Bridal Veil Falls // © 2017 Rocky Mountain National Park
Feature image (above): Elk graze in the lush meadows of Moraine Park at Rocky Mountain National Park. // © 2017 Rocky Mountain National Park
More than 100 years ago, former president Woodrow Wilson signed legislation creating Rocky Mountain National Park. Today, the northern Colorado gem is one of America’s most popular national parks. In 2016, more than 4.5 million visitors came here to enjoy its scenic splendor, ample wildlife and myriad recreational activities.
Exploring the attractions of the country’s fourth most-visited national park takes travelers from aspen groves to snowcapped peaks, from wildflower meadows to evergreen forests and from scenic drives surrounded by mountains to hikes along subalpine lakes. Whether it’s low-key fun or adrenaline rushes that clients are after, an exploration of Rocky Mountain National Park brings nature’s beauty into spectacular focus.
Hit the Trails
The national park features more than 300 miles of trails, ranging from relatively flat and short walks to more challenging, steeper treks. Distance and elevation gain are important factors to consider, but nearly everyone, from casual hikers to experienced climbers, can find a suitable trail.
Among the park’s most popular destinations is the nature trail around Bear Lake. The scenic hike is less than a mile long, and there’s a parking lot nearby as well as a shuttle bus stop.
The loop trail around Lake Irene is another short, easy hike. A serene spot for a picnic and with plenty of photo opportunities, the alpine lake is nestled among spruce and fir trees. Picturesque Sprague Lake features a half-mile, handicap-accessible trail. Trees provide ample shade, and there are panoramic views of several peaks and the Continental Divide.
Dream Lake is one of the park’s most popular casual hikes. The 2-mile, roundtrip trek starts at Bear Lake trailhead and passes lily pad-covered Nymph Lake. Scenic views of Longs Peak, Flattop Mountain and Glacier Gorge encourage lingering. Hikers who continue a bit farther will reach Emerald Lake, which offers fantastic views of Hallett Peak.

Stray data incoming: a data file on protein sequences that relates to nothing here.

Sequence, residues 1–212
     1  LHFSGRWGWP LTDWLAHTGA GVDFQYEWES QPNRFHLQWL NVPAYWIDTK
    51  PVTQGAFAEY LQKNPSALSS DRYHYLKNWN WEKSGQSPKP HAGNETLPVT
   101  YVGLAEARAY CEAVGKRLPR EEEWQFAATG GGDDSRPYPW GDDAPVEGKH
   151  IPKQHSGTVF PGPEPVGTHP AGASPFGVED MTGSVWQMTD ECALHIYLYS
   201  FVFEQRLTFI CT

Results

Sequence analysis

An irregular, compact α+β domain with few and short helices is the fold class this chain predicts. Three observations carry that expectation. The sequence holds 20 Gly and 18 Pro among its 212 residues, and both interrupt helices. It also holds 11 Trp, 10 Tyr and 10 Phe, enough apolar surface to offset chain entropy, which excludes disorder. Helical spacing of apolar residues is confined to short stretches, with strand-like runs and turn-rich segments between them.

Before setting off, stop by one of the park’s five visitor centers for maps and trail information. Trailhead parking lots often fill early in the day, but visitors can use park shuttles to get around.
Fun on Wheels
Two popular scenic drives allow visitors to experience the park’s grandeur from the comfort of their car. Open from Memorial Day through mid-October (weather permitting), Trail Ridge Road is the highest continuous paved road in the U.S. It crosses the Continental Divide at Milner Pass and reaches 12,183 feet near Fall River Pass. Along the way, visitors can stop at scenic overlooks. Sweeping views of peaks and valleys and glimpses of wildlife make this 48-mile route one of the West’s most memorable drives.
Another gorgeous drive is the steep, narrow and uphill-only Old Fall River Road. Opened in 1920, the historical route climbs above the tree line to the park’s Alpine Visitor Center. The unpaved, 9-mile road usually opens for the season by July 4 and closes in October.
Several local adventure outfitters offer bike tours and other outings in the park. Clients who want to leave the driving to someone else can see the sights with Green Jeep Tours, which offers guided small-group tours. Prefer pedal power? New Venture Cycling, based in nearby Estes Park, Colo., offers a variety of downhill guided bicycle tours — no technical riding skills necessary.
Wondrous Wildlife, Fall Foliage and More
Other soft adventures include wildlife viewing, fishing and camping. The park has five designated campgrounds, which fill up fast. Guests may want to make reservations several months before their trip. Backcountry camping is also allowed with permits in various sites.
The park is perfect for a leaf-peeping road trip. Fall colors emerge in stages, starting in the tundra region in early September and working their way to down to lower elevations. Winter activities include snowshoeing and cross-country skiing.
A wide variety of animals call the park home, including elk, moose, deer, bighorn sheep, marmots, beavers, hundreds of bird species and more. September and October are prime viewing months for elk. In spring, visitors can view bighorn sheep at Sheep Lakes, a natural mineral lick. Moose are often spotted in the Kawuneeche Valley, and look for deer in open meadows at dusk and dawn. Note: Never approach or feed wildlife, and don’t park on vegetation — use roadside pullouts.
Ranger-led activities provide fun, engaging opportunities to learn more about the park. Options include night-sky programs, guided hikes, twilight walks and presentations on topics such as geology, plants and wildlife.